Mile 1000 - Dry Heat

The drive from Oklahoma City to Amarillo turned out to be the first real “cool stuff on the side of the road day” of our road trip.  I am a veteran of the Florida panhandle road trip on which you will see the great metal chicken, countless hot boiled peanut stands, and where you will quickly learn the meaning of the term “speed trap.”  Driving from Oklahoma into the panhandle of Texas is a bit different.  There are windmill farms, several old route 66 towns, oil wells, prairie dogs, and plains.  Seeing all of which are first experiences for me.  At mile 1,000 we pulled over and could not have picked a more fitting scene to commemorate the millennial mile.  
I also need to take a moment to put an issue that we Southerners commonly argue with Westerners to rest.  Yes, it is hot in Texas - and here comes the argument - but its a dry heat.  For 37.9 years I have always heard that argument and at times I have heard it become heated.  Now that I have experienced “dry heat” so allow me to settle the argument. 
Dryness does not diminish heat.  When Southerners say, “But its a dry heat” we are not taking anything away from 105 degrees.  Yet the mistake Westerners make is that they fail to appreciate what humidity ADDS to heat.  If it is 105 in Alabama it is really only 83.  105 in Alabama is 120.  In dry heat the air still burns, I’ll give you that.  But in humidity the air will smother you.  If you have ever seen the musical Oklahoma you know that “the wind comes sweepin’ down the plains.”  Yes it does, nonstop.  Hairspray is useless in Texas.  In humidity the air doesn’t move.  It can’t.  Its too thick.  In Alabama there is no such thing as wind.  Dry heat is warming, it is like living in an oven.  Now I will give you that dry heat means that you are being slowly baked to death, but in the South it is like living in a boiling pot of water.  In Texas you can walk around and your shirt stays dry.  In Bama there is no possibility of a dry shirt.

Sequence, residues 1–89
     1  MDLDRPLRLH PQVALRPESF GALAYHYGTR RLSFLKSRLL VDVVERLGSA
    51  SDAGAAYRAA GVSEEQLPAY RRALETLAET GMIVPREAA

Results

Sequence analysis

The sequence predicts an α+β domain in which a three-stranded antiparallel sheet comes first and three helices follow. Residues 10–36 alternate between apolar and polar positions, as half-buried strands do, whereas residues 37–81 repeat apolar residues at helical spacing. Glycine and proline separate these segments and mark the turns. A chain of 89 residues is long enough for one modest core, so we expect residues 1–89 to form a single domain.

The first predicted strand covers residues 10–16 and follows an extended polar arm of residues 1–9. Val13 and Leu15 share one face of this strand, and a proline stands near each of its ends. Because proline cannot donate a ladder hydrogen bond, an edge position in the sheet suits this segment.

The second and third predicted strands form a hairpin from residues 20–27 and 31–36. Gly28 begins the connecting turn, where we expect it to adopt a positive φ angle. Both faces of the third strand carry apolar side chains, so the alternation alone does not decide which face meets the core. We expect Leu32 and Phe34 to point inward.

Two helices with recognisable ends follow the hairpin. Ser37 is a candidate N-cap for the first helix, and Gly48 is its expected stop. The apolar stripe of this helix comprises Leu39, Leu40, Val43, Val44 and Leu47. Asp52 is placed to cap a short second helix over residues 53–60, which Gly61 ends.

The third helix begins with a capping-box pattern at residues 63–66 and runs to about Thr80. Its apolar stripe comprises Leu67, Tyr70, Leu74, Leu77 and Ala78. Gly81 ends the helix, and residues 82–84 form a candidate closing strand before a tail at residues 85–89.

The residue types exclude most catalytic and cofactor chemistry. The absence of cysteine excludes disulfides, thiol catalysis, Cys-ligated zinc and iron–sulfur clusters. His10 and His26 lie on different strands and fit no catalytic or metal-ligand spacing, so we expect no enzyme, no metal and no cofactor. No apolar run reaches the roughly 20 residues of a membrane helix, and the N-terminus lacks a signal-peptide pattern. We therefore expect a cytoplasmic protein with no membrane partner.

So I vote for dry heat.  Dry heat is warming, almost energizing.  In dry heat the body sweats and it actually evaporates off of your body, which is what it is designed by God to do.  I have never experienced the purpose of sweat until now.  God bless Texas.  Sweat works here!
On to Amarillo . . .


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